- Faith in action—Acts readings, how they worshipped, lived, prayed, fellowshipped, witnessed of Christ. Just celebrated Ascension Day, first business for the disciples is to choose a 12th apostle to replace Judas. “With one accord they were devoting themselves to prayer”—unity of mind and spirit: Phil 2:1-2 “So if there is any encouragement in Christ, any comfort from love, any participation in the Spirit, any affection and sympathy, complete my joy by being of the same mind, having the same love, being in full accord and of one mind.”
- Peter addresses the company of believers (~120), tells the events around Judas, the betrayer. Driven by despair to suicide. Though very unpleasant, it points us to a very important truth about sin and repentance. Judas had been filled with overwhelming guilt and grief, when He realized Jesus would be condemned to death. Tried to make it right, but could not. Sought forgiveness from the corrupt priests, but instead of turning him to God’s grace, they turned him back on himself. Enveloped by dark despair.
- What Scripture calls a “worldly grief” instead of a “godly grief.” How does the example of Judas (and also the apostle Peter!) illustrate this difference between a worldly grief and a godly grief? 2 Cor. 7, Paul is speaking about a grief that the Corinthians were experiencing: he talks about a godly grief that leads them to repentance. Vs. 10: “For godly grief produces a repentance that leads to salvation without regret, whereas worldly grief produces death.” Judas’ was consumed by a worldly grief that lead to death. Devoid of any hope or faith, and so never became true repentance. Repentance does have sorrow or godly grief as its first part—but second and vital to true repentance is faith that looks to God for forgiveness. Crucial difference between Judas’ regret, and Peter’s repentance.
- So what about that godly grief illustrated by Peter? He was also sorrowful over his denial of Jesus. But he looked to Jesus for forgiveness, had hope that he could be (and he was!!) restored. His godly grief led to repentance—acknowledge sin in order to be cleansed by God. So also for us, never to succumb to worldly grief, such that our sorrow drowns out all hope. Grief or sorrow itself is not bad, but becomes worldly when it despairs of any hope. Ex. we know that sin grieves God, that it is an offense against Him (“I have sinned against heaven and against you” or “against you, you only have I sinned, and done what is evil in your sight (Ps 51:4)). Sorrow about hurt we have caused, may not be reparable. But repentance turns away from the sin, and looks to God for His mercy. And in that turning, discovers no longer a fearful judge, but a merciful Savior in Jesus Christ, to grant you forgiveness. If we turn instead to ourselves, or try by our own devices to clear ourselves of guilt, we’ll see only more guilt, or fall into despair or hypocrisy. But to look at Jesus is to know God’s fatherly heart toward us, and find His forgiveness.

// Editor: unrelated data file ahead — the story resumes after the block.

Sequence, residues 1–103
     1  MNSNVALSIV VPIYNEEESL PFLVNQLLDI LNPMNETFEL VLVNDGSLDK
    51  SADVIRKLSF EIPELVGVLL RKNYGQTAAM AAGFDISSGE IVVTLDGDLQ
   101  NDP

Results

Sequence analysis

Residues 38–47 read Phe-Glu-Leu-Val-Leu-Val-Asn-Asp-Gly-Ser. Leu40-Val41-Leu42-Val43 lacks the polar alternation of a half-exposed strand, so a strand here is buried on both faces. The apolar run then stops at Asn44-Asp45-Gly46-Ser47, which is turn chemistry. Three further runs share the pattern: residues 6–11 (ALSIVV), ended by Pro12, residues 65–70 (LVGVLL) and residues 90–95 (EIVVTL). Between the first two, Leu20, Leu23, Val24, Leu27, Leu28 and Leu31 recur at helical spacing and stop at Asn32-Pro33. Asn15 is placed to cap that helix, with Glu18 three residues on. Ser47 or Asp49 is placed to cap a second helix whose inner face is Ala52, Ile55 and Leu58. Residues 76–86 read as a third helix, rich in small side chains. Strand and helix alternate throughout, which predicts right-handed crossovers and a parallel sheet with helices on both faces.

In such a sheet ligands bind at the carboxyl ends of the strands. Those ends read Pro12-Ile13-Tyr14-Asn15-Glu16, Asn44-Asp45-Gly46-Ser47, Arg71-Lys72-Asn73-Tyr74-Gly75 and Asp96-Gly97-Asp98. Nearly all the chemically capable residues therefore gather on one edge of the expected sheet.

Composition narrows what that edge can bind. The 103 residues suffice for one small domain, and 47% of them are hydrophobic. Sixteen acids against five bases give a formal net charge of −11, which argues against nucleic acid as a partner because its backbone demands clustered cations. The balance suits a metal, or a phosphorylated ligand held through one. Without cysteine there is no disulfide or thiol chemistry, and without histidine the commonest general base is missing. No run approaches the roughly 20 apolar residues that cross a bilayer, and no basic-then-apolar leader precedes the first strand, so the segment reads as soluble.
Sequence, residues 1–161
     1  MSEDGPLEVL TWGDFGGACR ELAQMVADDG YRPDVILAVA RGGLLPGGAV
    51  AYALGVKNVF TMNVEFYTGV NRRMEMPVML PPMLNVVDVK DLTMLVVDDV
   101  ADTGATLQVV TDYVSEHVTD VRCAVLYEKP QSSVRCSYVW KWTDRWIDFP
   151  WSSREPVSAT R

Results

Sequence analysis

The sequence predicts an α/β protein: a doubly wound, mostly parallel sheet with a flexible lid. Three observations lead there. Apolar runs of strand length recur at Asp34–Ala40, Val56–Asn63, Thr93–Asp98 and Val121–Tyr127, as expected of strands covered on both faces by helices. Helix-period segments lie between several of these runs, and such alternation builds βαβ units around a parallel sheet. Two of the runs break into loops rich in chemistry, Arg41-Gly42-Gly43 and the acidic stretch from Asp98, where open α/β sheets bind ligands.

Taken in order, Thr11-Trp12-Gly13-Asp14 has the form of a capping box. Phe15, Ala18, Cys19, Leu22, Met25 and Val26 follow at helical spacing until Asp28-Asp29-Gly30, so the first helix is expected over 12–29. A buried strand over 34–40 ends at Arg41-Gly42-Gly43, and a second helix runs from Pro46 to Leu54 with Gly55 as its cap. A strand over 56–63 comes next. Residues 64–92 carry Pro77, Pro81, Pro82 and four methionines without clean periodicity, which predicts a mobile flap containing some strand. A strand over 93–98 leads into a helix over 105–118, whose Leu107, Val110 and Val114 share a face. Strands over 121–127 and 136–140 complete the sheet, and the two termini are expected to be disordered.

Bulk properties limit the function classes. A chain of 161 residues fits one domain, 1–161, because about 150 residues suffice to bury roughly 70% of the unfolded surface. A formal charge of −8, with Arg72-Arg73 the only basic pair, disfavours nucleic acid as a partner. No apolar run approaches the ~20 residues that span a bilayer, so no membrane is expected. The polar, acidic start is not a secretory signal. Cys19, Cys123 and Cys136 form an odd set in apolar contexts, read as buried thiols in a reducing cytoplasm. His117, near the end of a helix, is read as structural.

- God doesn’t want us stuck on grief, but to unload it on the cross! Matt. 11:28-29, “Come to me, all who labor and are heavy laden, and I will give you rest. Take my yoke upon you, and learn from me, for I am gentle and lowly in heart, and you will find rest for your souls.” Ps. 32:1 “Blessed is the one whose transgression is forgiven, whose sin is covered.” Psalm 51:8-12 “Let me hear joy and gladness; let the bones that you have broken rejoice. Hide your face from my sins, and blot out all my iniquities. Create in me a clean heart, O God, and renew a right spirit within me. Cast me not away from your presence, and take not your Holy Spirit from me. Restore to me the joy of your salvation, and uphold me with a willing spirit.”